Citizen’s arrest is a term that you may have heard before, but do you know what it really means? In the UK a citizen’s arrest, also known as an arrest without warrant, is made when a member of the public who is not acting as a law-enforcement official, apprehends a suspect and detains them until the police arrive to formally arrest them. This may be necessary in situations where a person is behaving in a violent or aggressive manner, causing a threat to themselves or the safety of others around them.
Legally anyone can carry out a citizen’s arrest, but there are a number of guidelines you must follow when doing so to avoid getting into trouble yourself.
Section 24A of the Police and Criminal Evidence Act 1984 (PACE) states that an individual can perform an arrest on somebody they suspect of committing an indictable offence. This applies to serious offences that must be tried in a Crown Court, for example, assault, burglary, murder, manslaughter, terrorism, trafficking, rape or criminal damage worth over £5000.
This means that you cannot perform a citizen’s arrest on someone committing a summary offence, such as road traffic offences, minor assaults, or minor criminal damage. The act states that you can arrest somebody to prevent them from:
• Causing physical injury to themselves or someone else
• Suffering a physical injury
• Causing loss or damage to property
• Attempting to escape before a Police officer is able to assume responsibility of them
Civilians also have a common law ‘power of arrest’ where there is a breach of peace or if there are reasonable grounds to suggest there may be a breach of peace. In these circumstances, an arrest can be conducted if:
- (a) a breach of the peace is committed in the person effecting the arrest’s presence,
- (b) the person effecting the arrest reasonably believes that such a breach will be committed in the immediate future by the person arrested, or
- (c) a breach of the peace has been committed or the person effecting the arrest reasonably believes that a breach of the peace has occurred and that a further breach is threatened.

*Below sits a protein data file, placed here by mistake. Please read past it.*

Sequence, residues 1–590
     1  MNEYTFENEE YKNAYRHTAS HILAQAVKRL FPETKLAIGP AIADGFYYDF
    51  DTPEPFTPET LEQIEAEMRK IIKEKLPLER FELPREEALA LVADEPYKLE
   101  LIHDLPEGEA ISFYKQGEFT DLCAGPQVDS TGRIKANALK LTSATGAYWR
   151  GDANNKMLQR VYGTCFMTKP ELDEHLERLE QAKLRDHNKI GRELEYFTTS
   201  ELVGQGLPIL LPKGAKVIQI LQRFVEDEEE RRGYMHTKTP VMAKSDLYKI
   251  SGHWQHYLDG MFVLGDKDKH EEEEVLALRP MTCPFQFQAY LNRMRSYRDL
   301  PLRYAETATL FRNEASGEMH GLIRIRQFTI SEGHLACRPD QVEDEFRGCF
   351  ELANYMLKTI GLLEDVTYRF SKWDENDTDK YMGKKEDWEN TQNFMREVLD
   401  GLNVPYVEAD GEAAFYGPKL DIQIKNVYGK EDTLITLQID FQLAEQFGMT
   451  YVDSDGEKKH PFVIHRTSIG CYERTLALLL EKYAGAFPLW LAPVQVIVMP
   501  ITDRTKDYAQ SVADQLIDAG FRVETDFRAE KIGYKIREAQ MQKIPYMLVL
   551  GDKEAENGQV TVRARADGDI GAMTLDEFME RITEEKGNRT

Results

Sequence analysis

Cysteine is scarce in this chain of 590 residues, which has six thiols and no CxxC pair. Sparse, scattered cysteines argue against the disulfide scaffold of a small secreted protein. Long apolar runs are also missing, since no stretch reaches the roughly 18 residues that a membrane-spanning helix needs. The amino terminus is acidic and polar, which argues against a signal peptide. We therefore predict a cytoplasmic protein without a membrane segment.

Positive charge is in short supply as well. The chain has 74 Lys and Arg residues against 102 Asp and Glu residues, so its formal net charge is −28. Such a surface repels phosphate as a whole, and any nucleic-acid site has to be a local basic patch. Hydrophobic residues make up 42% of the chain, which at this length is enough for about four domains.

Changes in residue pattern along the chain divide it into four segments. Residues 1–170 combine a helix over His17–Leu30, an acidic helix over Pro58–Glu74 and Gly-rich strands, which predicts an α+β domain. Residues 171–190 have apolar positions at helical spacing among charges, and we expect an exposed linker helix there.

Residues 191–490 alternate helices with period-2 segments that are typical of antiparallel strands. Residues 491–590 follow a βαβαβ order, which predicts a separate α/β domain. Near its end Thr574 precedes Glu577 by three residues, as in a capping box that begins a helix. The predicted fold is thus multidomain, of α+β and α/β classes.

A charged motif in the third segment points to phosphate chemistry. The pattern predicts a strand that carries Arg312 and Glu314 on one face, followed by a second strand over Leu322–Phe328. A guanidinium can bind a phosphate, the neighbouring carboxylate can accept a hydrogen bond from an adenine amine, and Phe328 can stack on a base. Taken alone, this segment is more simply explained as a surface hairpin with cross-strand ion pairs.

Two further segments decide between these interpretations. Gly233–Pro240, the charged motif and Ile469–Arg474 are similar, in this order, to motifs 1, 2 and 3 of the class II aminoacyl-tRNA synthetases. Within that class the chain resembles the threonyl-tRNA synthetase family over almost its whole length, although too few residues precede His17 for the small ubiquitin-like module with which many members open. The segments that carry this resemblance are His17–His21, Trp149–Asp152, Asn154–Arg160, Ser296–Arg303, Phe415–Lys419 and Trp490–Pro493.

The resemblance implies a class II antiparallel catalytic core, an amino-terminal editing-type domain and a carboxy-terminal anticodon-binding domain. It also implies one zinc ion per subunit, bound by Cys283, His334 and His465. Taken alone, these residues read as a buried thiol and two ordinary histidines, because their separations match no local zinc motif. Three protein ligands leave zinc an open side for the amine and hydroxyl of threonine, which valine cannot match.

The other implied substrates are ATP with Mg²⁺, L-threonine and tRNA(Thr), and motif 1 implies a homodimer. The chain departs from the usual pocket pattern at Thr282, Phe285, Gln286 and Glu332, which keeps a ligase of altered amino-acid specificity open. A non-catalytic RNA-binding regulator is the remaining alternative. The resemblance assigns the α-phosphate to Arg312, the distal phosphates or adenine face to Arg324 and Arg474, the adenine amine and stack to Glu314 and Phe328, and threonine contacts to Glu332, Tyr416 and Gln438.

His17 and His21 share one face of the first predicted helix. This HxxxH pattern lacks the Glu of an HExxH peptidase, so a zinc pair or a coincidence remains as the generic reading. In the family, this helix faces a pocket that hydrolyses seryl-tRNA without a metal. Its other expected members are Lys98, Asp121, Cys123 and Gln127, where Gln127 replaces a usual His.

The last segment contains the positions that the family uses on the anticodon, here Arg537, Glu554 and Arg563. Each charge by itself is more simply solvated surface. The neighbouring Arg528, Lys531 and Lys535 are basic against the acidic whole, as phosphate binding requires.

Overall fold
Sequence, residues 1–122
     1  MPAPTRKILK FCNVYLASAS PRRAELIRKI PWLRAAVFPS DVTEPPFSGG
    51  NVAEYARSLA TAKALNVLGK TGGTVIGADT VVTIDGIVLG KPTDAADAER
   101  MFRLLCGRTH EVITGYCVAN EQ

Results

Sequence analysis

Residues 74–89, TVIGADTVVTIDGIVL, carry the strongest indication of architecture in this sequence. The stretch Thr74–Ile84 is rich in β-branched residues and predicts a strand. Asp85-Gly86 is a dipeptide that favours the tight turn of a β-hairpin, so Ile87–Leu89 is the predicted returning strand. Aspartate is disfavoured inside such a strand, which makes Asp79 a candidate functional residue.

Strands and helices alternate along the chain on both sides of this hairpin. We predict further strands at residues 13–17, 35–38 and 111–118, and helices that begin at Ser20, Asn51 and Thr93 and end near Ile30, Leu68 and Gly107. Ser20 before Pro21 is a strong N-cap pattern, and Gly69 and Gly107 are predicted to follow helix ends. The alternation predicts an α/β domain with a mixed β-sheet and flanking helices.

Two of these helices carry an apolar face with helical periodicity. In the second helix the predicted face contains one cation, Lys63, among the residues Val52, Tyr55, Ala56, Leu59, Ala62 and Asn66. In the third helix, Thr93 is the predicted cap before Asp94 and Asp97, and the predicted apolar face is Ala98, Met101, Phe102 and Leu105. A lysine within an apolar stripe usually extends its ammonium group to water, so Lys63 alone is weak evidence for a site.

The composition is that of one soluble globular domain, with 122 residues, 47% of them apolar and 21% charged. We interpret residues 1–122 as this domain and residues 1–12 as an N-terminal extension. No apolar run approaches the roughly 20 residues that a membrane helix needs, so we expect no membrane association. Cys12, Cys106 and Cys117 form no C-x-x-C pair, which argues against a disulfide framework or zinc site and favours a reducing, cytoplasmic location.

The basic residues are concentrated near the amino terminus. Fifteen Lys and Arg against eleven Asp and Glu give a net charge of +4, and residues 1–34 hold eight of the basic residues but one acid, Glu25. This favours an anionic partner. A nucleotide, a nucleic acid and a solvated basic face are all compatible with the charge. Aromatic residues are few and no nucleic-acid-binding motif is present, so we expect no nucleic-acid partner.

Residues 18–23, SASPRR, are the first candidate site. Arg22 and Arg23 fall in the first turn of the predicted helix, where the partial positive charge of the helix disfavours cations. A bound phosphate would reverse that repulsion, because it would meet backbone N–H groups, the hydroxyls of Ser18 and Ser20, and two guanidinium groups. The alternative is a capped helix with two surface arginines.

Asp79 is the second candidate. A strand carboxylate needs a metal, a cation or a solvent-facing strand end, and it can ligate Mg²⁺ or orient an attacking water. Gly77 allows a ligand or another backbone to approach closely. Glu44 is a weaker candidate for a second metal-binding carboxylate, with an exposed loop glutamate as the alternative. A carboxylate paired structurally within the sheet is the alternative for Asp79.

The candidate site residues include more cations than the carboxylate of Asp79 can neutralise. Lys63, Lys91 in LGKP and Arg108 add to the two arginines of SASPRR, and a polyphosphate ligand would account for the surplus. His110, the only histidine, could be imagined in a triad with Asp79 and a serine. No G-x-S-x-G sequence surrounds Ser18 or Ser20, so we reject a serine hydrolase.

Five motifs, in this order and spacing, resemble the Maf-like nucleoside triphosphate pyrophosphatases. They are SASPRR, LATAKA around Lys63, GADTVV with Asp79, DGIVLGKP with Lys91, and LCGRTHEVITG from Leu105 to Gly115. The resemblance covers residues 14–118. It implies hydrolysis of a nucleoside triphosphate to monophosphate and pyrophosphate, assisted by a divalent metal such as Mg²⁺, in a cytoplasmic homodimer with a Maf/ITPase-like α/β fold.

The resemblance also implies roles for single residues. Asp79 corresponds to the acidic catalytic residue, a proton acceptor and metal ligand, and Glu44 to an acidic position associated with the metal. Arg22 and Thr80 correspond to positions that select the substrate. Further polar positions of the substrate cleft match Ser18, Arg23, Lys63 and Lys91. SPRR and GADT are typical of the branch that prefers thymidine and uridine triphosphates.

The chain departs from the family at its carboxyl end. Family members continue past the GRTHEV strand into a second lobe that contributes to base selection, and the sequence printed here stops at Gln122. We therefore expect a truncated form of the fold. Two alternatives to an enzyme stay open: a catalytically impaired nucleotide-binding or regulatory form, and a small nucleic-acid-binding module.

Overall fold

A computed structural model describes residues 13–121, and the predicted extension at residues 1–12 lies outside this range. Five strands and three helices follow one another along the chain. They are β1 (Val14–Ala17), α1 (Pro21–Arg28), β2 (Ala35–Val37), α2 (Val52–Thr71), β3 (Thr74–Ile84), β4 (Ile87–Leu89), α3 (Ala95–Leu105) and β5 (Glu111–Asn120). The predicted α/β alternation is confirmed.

In any circumstance, it’s vital to make certain you have an appropriate reason to make the arrest, as arresting someone who is found innocent can leave you open to being charged with unlawful arrest or false imprisonment.
When carrying out a citizen’s arrest, you are allowed to use reasonable force to detain the person being arrested. However, it is crucial not to exceed what is considered ‘reasonable.’ Section 3 of the Criminal Law Act 1967 states that “A person may use such force as is reasonable in the circumstances in the prevention of crime, or in effecting or assisting in the lawful arrest of offenders or suspected offenders or of persons unlawfully at large.”.
In the UK there is no specific definition of ‘reasonable force’ as it depends on what is deemed necessary under the individual circumstance. However, guidance from the Crown Prosecution Service states that “If you only did what you honestly thought was necessary at the time, this would provide strong evidence that you acted within the law.”.
Using reasonable force you can:
- protect yourself ‘in the heat of the moment’ – this includes using an object as a weapon
- stop an intruder running off – for example by tackling them to the ground
However, you could be prosecuted if, for example, you:
- attack the individual even if you’re no longer in danger
- pre-plan a trap for someone – rather than involve the police
An example of using reasonable force would be grabbing and holding onto someone to stop them from attacking another person. In this case, it would be reasonable to restrain them by holding them down to the ground to stop them from hurting anyone else or escaping while waiting for the police to arrive. However, if you were to respond by attacking the person once they have been restrained and the threat is no longer present, this would be unreasonable and you could be charged with assault.
When determining if your level of force is reasonable, two useful questions to ask yourself are:
- was it necessary?
- was it proportionate to the threat?
How to make a citizen’s arrest
1. Decide whether to make an arrest